2 November 2017 - More than 1800 suspected, probable, or confirmed plague cases were reported in Madagascar from August to late October 2017, resulting in 127 deaths. WHO has moved quickly in response to this unusually severe outbreak by supporting the Government of Madagascar, while at the same time working with nearby countries and territories to prevent regional spread.
18 October 2017 - Samples from patients in Seychelles suspected to be ill with pneumonic plague tested negative at a WHO partner laboratory in Paris, France on Tuesday, 17 October 2017.
WHO is working with the Seychelles health authorities to reduce the risk of plague spreading from neighbouring Madagascar, which faces an unprecedented outbreak that has killed more than 70 people since August. No plague cases have been confirmed in the Seychelles.
How can I protect myself from being infected with plague? What should I do if I suspect I have plague? How can plague be treated?
Read this story to find out answers to these and many other frequently asked questions related to plague.
6 October 2017 – WHO has delivered nearly 1.2 million doses of antibiotics and released US$1.5 million dollars in emergency funds to fight plague in Madagascar. The outbreak has spread to the capital and port towns, infecting more than 100 people in just a few weeks. Plague can be cured using common antibiotics if delivered early. Antibiotics can also help prevent infection among people who have been exposed to plague.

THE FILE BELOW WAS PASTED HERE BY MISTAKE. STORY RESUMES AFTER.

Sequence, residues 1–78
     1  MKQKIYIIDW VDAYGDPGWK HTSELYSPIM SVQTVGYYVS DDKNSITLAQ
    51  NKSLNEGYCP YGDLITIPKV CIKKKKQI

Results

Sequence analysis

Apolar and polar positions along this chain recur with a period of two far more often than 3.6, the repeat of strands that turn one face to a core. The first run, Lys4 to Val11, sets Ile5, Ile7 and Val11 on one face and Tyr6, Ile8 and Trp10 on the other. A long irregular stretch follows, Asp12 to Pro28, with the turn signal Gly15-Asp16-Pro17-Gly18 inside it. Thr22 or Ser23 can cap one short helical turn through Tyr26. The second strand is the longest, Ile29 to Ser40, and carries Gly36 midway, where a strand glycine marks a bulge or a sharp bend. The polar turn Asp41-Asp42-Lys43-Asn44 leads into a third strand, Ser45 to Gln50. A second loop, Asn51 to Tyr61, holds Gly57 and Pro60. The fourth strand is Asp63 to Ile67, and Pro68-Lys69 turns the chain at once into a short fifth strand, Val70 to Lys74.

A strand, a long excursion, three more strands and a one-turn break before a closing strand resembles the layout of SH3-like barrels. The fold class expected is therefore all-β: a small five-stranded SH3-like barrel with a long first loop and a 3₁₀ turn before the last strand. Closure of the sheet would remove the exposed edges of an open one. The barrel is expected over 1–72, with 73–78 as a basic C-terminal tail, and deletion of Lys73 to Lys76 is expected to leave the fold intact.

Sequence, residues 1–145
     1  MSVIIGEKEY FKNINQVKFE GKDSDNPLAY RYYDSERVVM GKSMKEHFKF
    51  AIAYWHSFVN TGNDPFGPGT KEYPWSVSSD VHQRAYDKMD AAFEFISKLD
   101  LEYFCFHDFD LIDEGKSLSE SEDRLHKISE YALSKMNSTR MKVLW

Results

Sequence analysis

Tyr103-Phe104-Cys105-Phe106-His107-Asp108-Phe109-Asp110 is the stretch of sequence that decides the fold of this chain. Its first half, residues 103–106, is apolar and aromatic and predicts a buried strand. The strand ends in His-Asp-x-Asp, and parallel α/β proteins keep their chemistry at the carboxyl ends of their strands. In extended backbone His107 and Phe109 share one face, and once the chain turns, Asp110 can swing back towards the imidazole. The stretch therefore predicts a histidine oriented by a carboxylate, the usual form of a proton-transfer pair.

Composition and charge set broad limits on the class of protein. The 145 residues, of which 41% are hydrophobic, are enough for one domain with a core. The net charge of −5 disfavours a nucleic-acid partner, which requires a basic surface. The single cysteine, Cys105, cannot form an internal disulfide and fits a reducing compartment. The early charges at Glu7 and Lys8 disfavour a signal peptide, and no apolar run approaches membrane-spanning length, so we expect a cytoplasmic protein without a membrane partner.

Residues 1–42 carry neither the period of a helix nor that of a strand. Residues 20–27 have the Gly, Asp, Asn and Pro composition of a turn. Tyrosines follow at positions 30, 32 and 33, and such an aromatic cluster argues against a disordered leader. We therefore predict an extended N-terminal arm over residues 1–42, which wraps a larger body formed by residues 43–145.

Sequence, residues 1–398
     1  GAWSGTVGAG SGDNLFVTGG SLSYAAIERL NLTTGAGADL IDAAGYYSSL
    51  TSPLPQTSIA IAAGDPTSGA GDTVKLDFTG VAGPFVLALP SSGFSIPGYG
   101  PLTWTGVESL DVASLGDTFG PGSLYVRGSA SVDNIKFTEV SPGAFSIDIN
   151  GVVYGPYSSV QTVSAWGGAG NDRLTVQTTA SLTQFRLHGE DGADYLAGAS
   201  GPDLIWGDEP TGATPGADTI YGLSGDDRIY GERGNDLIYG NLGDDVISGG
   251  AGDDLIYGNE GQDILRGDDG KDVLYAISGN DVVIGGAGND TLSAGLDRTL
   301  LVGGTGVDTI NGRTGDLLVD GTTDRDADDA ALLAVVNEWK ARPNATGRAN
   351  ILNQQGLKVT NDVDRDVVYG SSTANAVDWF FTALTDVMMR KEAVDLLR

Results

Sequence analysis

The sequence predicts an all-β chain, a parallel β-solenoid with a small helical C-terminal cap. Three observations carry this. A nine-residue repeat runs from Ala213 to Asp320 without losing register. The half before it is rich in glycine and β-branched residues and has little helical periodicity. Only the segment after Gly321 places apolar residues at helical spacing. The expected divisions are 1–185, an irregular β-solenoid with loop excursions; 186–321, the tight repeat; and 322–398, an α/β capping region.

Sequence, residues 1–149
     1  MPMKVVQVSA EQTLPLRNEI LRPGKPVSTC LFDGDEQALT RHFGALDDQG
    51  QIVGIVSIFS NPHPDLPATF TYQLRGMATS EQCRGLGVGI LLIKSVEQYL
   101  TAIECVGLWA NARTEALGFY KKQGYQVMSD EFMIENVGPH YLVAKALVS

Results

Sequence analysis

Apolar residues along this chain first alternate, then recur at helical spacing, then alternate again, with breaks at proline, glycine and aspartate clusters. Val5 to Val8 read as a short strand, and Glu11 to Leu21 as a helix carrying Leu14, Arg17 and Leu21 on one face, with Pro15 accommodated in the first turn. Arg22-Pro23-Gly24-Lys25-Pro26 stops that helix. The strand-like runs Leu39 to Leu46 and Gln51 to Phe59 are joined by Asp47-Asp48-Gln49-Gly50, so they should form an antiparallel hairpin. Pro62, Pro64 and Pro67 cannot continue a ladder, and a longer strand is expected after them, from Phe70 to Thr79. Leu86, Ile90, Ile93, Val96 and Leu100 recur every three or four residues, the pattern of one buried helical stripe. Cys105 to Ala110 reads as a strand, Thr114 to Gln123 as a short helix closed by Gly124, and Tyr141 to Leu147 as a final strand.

Knowledge resources for plague responders
This introductory-level online course aims to equip decision-makers and frontline responders with a set of resources containing critical information on human plague. These resources, including a video lecture and a presentation, can be used as a refresher for experienced personnel or as an introduction of the topic for everyone else. Most of the materials are available in English and French, and can be downloaded for offline use.
What is plague?
One of the oldest identifiable diseases known to man, plague remains endemic in many natural foci around the world. It is still widely distributed in the tropics and subtropics and in warmer areas of temperate countries. Essentially a disease of wild rodents, plague is spread from one rodent to another by flea ectoparasites and to humans either by the bite of infected fleas or when handling infected hosts. Recent outbreaks have shown that plague may reoccur in areas that have long remained silent.
Untreated, mortality - particularly from pneumonic plague - may reach high levels. When rapidly diagnosed and promptly treated, plague may be successfully managed with antibiotics such as streptomycin and tetracycline, reducing mortality from 30%-100% to less than 15%.